A preliminary total of 4,679 fatal work injuries were recorded in the United States in 2014, an increase of 2 percent over the revised count of 4,585 fatal work injuries in 2013, according to results from the Census of Fatal Occupational Injuries (CFOI) conducted by the U.S. Bureau of Labor Statistics. The preliminary rate of fatal work injury for U.S. workers in 2014 was 3.3 per 100,000 full-time equivalent (FTE) workers; the revised rate for 2013 was also 3.3. Revised 2014 data from CFOI will be released in the late spring of 2016. Over the last 5 years, net increases to the preliminary count have averaged 173 cases, ranging from a low of 84 in 2011 (up 2 percent) to a high of 245 in 2012 (up 6 percent).
Key preliminary findings of the 2014 Census of Fatal Occupational Injuries:
The number of fatal work injuries in private goods-producing industries in 2014 was 9 percent
higher than the revised 2013 count but slightly lower in private service-providing industries. Fatal
injuries were higher in mining (up 17 percent), agriculture (up 14 percent), manufacturing (up
9 percent), and construction (up 6 percent). Fatal work injuries for government workers were
lower (down 12 percent).
Falls, slips, and trips increased 10 percent to 793 in 2014 from 724 in 2013. This was driven
largely by an increase in falls to a lower level to 647 in 2014 from 595 in 2013.
Fatal work injuries involving workers 55 years of age and over rose 9 percent to 1,621 in 2014 up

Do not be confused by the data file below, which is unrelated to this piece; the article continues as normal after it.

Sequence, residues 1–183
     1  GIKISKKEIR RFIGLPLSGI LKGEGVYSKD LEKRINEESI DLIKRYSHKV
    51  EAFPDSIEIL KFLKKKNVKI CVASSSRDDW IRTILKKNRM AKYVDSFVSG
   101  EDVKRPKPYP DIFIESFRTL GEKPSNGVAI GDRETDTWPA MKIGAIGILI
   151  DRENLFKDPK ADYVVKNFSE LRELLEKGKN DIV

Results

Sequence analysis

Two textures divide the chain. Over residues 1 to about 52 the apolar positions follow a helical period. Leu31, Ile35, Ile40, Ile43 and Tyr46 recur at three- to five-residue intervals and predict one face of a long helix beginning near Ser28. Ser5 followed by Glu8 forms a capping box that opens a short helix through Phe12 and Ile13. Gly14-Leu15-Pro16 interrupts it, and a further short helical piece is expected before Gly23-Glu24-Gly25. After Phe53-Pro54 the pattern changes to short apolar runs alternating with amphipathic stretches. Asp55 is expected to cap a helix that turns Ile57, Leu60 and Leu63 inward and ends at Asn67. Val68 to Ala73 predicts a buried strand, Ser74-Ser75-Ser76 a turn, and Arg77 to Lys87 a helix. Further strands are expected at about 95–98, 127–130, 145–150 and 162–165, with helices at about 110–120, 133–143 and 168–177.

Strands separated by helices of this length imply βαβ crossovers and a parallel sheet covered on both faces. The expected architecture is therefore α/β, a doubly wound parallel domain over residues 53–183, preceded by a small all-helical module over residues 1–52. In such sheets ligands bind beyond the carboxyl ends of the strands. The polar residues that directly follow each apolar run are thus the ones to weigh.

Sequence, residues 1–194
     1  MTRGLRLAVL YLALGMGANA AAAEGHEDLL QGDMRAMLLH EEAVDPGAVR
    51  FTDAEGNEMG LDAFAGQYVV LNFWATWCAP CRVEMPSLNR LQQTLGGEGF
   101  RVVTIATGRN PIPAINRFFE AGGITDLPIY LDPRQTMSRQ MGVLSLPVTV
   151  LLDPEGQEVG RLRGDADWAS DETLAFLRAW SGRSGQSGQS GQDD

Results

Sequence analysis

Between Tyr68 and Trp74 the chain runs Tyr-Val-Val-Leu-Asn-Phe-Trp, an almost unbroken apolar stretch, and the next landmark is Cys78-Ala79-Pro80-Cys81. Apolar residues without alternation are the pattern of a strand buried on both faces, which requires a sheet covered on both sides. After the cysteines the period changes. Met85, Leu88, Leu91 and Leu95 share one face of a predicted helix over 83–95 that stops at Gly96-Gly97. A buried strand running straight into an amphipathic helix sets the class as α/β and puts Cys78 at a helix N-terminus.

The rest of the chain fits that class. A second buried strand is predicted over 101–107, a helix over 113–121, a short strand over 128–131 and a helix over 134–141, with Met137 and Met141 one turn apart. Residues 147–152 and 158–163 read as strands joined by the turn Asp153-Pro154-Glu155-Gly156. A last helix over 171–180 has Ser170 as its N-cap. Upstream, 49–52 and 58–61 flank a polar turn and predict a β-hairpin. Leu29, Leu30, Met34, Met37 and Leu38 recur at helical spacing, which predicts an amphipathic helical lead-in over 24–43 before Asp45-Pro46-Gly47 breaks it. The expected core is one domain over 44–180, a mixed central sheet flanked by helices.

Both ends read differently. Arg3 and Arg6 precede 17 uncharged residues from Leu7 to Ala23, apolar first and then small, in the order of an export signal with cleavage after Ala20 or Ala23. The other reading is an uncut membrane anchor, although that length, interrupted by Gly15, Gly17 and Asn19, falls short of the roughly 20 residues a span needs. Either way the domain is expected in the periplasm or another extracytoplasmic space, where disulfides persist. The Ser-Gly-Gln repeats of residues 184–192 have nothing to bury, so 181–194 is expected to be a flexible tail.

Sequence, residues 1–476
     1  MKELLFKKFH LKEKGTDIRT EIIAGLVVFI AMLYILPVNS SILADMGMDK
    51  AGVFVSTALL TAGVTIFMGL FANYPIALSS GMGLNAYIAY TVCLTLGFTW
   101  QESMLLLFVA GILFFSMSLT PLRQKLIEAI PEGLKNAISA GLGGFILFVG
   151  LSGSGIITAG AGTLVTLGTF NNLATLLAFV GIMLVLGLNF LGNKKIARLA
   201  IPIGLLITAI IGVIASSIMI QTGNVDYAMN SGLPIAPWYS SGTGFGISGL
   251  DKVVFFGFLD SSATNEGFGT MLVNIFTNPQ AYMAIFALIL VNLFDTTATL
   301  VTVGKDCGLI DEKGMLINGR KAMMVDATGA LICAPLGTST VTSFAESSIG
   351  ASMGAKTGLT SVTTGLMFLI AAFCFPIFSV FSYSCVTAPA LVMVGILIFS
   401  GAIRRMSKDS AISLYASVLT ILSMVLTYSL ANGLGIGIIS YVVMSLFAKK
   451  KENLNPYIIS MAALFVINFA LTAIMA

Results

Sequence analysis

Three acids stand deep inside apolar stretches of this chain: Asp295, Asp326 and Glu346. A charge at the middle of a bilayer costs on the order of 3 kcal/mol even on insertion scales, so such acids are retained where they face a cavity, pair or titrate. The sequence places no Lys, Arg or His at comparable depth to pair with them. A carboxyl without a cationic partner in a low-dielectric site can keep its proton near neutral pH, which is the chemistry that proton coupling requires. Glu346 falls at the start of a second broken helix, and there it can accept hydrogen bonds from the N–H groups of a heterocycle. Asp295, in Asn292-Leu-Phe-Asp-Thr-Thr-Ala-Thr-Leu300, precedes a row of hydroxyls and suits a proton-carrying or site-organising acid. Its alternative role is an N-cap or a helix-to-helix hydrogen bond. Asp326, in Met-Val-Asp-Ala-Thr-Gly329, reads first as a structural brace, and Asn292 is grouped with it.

from 1,490 in 2013. The preliminary 2014 count for workers 55 and over is the highest total ever
reported by CFOI.
After a sharp decline in 2013, fatal work injuries among self-employed workers increased
10 percent in 2014 from 950 in 2013 to 1,047 in 2014.
Women incurred 13 percent more fatal work injuries in 2014 than in 2013. Even with this
increase, women accounted for only 8 percent of all fatal occupational injuries in 2014.
Fatal work injuries among Hispanic or Latino workers were lower in 2014, while fatal injuries
among non-Hispanic white, black or African-American, and Asian workers were all higher.
In 2014, 797 decedents were identified as contracted workers, 6 percent higher than the
749 fatally-injured contracted workers reported in 2013. Workers who were contracted at the time
of their fatal injury accounted for 17 percent of all fatal work injury cases in 2014.
The number of fatal work injuries among police officers and police supervisors was higher in
2014, rising from 88 in 2013 to 103 in 2014, an increase of 17 percent.